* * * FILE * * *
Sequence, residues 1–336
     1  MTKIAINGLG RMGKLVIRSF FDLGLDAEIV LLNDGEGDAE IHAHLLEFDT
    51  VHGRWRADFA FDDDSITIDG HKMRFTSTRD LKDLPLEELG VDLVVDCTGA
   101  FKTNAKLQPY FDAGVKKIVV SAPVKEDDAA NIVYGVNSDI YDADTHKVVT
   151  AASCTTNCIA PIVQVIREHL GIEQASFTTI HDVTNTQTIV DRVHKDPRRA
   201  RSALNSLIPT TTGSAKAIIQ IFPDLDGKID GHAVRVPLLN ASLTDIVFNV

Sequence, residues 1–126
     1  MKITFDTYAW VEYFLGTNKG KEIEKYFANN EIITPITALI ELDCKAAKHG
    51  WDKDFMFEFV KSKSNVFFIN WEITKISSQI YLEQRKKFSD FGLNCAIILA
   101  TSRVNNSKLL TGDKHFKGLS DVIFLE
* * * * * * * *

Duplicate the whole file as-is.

Sequence, residues 1–336
     1  MTKIAINGLG RMGKLVIRSF FDLGLDAEIV LLNDGEGDAE IHAHLLEFDT
    51  VHGRWRADFA FDDDSITIDG HKMRFTSTRD LKDLPLEELG VDLVVDCTGA
   101  FKTNAKLQPY FDAGVKKIVV SAPVKEDDAA NIVYGVNSDI YDADTHKVVT
   151  AASCTTNCIA PIVQVIREHL GIEQASFTTI HDVTNTQTIV DRVHKDPRRA
   201  RSALNSLIPT TTGSAKAIIQ IFPDLDGKID GHAVRVPLLN ASLTDIVFNV

Sequence, residues 1–126
     1  MKITFDTYAW VEYFLGTNKG KEIEKYFANN EIITPITALI ELDCKAAKHG
    51  WDKDFMFEFV KSKSNVFFIN WEITKISSQI YLEQRKKFSD FGLNCAIILA
   101  TSRVNNSKLL TGDKHFKGLS DVIFLE